Tuesday, November 9, 2010

Officially a Volunteer : Swearing in

The last week of home stay flew by into whirlwind of celebrations to wrap up training, making us trainees officially Peace Corps Volunteers!
To thank our homestay families for all of their patience and help as we struggled to learn a new language and adopt Senegalese customs, we held a luncheon at the Thies training center. It was a little bit awkward because are training group was so large that we could only invite one family member each. So my "mom", and namesake, Habi Balde came for the afternoon. For all the trying moments that we had together during homestay, it was actually really nice to see her, all dressed up. Best part of the luncheon: lunch. Probably chicken, vegetables, and rice sound very simple to all you back at home, but it's expensive here and that is a treat. After lunch and tea, there was music and dancing; I actually got my "mom" to get up and dance Gwana (the national hit dance) in public with me. She loves to dance and we'd always dance at home, but never ever when anyway was home, so this was specially. It was really sad to say goodbye in the end because Habi started crying and honestly I don't know when I will be able to visit them again, but hopefully I will.

Two days later was swearing in at the US Ambassadors House. I was so ready for this one, minus the pre-speech butterflies in my stomach. I own a pair of coral pink Converses and I thought it would be symbolic to pair the shoes with a Senegalese outfit. The outfit was a process (finding the right material, designing the pattern, explaining to the tailor in broken Wolof-French what it was I wanted) but well worth it. Everyone looked gorgeous in their Senegalese outfits as we boarded the buses for Dakar. We had gendarme escort us into the city: sirens, lights, wrong side of the road and all. ( A little bit over the top and embarrassing but it was kind of fun too.) The ceremony itself was televised and there is a Peace Corps video of it somewhere(youtube?). I had the honor of giving the Pulaar language thank you/congratulations speech to an audience of the Ambassador, government officials, PC & JICA directors, and of course my fellow volunteers. I was all nervous because my Pulaar knowledge is very limited. But   everyone else thought it sounded great and I had a sweet outfit...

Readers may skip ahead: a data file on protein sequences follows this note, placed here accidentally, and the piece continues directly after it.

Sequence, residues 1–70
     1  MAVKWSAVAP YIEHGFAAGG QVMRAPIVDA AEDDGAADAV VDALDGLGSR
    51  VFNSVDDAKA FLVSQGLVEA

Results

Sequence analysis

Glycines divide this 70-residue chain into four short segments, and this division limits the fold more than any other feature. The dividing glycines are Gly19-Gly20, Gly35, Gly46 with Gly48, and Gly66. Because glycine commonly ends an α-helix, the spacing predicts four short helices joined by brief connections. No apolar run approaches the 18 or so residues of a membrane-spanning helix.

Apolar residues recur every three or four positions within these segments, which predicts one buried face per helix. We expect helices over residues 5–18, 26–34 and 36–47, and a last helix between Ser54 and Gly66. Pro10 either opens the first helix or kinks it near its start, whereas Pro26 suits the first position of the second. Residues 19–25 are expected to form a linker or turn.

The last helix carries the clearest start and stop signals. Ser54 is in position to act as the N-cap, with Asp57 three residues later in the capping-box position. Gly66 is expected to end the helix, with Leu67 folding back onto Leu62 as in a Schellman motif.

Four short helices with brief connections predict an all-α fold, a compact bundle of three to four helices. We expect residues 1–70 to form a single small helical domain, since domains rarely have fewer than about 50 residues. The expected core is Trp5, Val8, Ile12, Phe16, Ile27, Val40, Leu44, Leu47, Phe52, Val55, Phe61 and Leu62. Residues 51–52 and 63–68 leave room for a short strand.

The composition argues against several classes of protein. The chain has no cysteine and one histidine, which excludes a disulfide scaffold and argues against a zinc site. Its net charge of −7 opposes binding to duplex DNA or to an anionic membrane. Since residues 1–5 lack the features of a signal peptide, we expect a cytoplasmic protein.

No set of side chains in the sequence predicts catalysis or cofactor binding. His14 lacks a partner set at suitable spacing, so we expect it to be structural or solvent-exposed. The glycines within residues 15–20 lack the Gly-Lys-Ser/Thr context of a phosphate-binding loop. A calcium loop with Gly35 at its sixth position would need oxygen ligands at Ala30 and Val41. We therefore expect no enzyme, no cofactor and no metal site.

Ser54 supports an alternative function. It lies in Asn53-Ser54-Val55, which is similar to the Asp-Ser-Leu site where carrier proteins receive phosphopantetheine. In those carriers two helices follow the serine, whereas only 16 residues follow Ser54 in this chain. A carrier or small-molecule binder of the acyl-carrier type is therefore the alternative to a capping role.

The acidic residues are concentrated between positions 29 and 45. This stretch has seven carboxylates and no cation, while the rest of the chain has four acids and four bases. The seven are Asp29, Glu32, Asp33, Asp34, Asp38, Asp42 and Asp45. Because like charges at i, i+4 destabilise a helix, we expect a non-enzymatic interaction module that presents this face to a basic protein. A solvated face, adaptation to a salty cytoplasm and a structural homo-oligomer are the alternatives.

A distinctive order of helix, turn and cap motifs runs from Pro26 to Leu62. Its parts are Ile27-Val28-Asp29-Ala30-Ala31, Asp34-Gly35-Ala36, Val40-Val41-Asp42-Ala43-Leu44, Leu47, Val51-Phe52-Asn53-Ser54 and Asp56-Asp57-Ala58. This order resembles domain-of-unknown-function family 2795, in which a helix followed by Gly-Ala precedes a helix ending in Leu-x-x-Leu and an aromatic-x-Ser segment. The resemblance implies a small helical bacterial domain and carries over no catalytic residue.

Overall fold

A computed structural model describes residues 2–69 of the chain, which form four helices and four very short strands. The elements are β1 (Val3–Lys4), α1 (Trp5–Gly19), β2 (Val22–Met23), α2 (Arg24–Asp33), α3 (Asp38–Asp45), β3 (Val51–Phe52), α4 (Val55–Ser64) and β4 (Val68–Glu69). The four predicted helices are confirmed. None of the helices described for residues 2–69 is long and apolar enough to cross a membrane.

My Peace Corps Stage

The swearing in ceremony was concluded with delicious  foods, cold drinks, and photos in the Ambassador's garden. Then we went over to the American Club, aka swimming pool and grilled CHEESE and ICE CREAM! All the indulgences of America for a day.

River crossing to get to Kolda
Unfortunately, since Kolda (the region that I am serving in) is so far removed from Dakar, team Kolda had to be ready to leave the next morning, by 6. In a stupor from too much excitement and no sleep we left before the sun was up and began the confusing voyage to Kolda. Normally, we are not supposed to go through the Gambia to get to Kolda, but there was a miscommunication somewhere along the lines and we navigated our way cross the borders and ferry across the Gambia river and made it to Kolda record time with all of our belongings in tact. Kolda was one big shopping trip with interludes at the hotel pool. (We stayed at the Peace Corps regional house but free swim at the hotel if you buy a drink is too tempting to resist when it is over 100 and humid every afternoon.)

Velingara Hotel had no power...
The final leg of the trip was spent in a hotel in Velingara. Peace Corps introduced us to the local authorities and put me and my fellow Kounkane area volunteers up in a sweet hotel (aka working toilets, showers, and ac) for one night. Unfortunately, this was the day after one of the generators at the local power plant broke, so there was neither electricity nor running water at this lovely establishment.

Finally finally I installed October 20th  in Goundaga. I was greeted by the entire village singing, dancing and drumming in my new home. A man on a faulty loudspeaker announced to the town my arrival and gave me my new name: Ramatulaye Balde. Exhaustion took over, and after some dancing, chicken(!) for dinner, and thanking my family I was able to sleep like a baby (seriously, asleep by 8:30).


  1. Ramatulaye Balde -

    CONGRATS on becoming an OFFICIAL PC Volunteer!
    Girls Club is SOOO PROUD!!! DPW misses you, but we are PROUD and EXCITED for you!
    Anna is interviewing for real gigs, so I fear we are on the brink of Girls Club completely falling apart... not the same if we are left with just Nick and I.

    Since you've been gone, Nick is still dancing to his own special music and has found additional inspirational quotes on stickers throughout his workspace. He has also created a rather impressive (and menacing looking) scorpion out of binder clips and a staple remover.

    On the homefront, we've relocated 2 ground hogs from under our house, and home improvements are progressing. Our dog had heartworm followed by tapeworm, but she is all better now and we are over $3,200 poorer, but she is so worth it.

    We miss you, but we are very excited for you.

    Safe travels and keep us posted.

  2. Thanks so much Rich!! This message made me laugh so much... the girls club will live on in spirit i think. Glad to hear that the house is becoming a home and your dog is healthy again. I greet everyone down at Town Hall especially the DPW crew: I miss you guys!